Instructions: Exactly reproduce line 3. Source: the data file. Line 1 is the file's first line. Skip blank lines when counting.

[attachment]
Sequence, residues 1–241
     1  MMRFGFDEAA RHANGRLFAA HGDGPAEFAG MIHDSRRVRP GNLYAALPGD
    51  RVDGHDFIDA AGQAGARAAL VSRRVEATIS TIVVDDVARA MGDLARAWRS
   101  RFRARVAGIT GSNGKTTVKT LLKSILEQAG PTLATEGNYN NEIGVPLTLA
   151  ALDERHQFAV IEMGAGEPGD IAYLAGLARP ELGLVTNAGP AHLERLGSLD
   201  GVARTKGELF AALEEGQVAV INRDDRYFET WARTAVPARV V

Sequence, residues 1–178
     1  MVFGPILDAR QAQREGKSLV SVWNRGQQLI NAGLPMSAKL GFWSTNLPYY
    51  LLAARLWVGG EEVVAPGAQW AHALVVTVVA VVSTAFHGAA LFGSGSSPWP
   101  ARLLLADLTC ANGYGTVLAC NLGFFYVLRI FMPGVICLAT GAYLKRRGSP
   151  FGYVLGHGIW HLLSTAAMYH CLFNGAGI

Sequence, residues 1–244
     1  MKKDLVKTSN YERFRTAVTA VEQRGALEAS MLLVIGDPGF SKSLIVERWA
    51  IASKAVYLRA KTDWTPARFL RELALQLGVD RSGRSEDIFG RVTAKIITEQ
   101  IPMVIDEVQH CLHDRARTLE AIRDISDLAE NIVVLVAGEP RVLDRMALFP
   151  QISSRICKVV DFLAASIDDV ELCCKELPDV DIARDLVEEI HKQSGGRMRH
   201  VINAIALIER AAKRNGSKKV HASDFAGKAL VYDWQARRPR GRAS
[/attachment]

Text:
    51  RVDGHDFIDA AGQAGARAAL VSRRVEATIS TIVVDDVARA MGDLARAWRS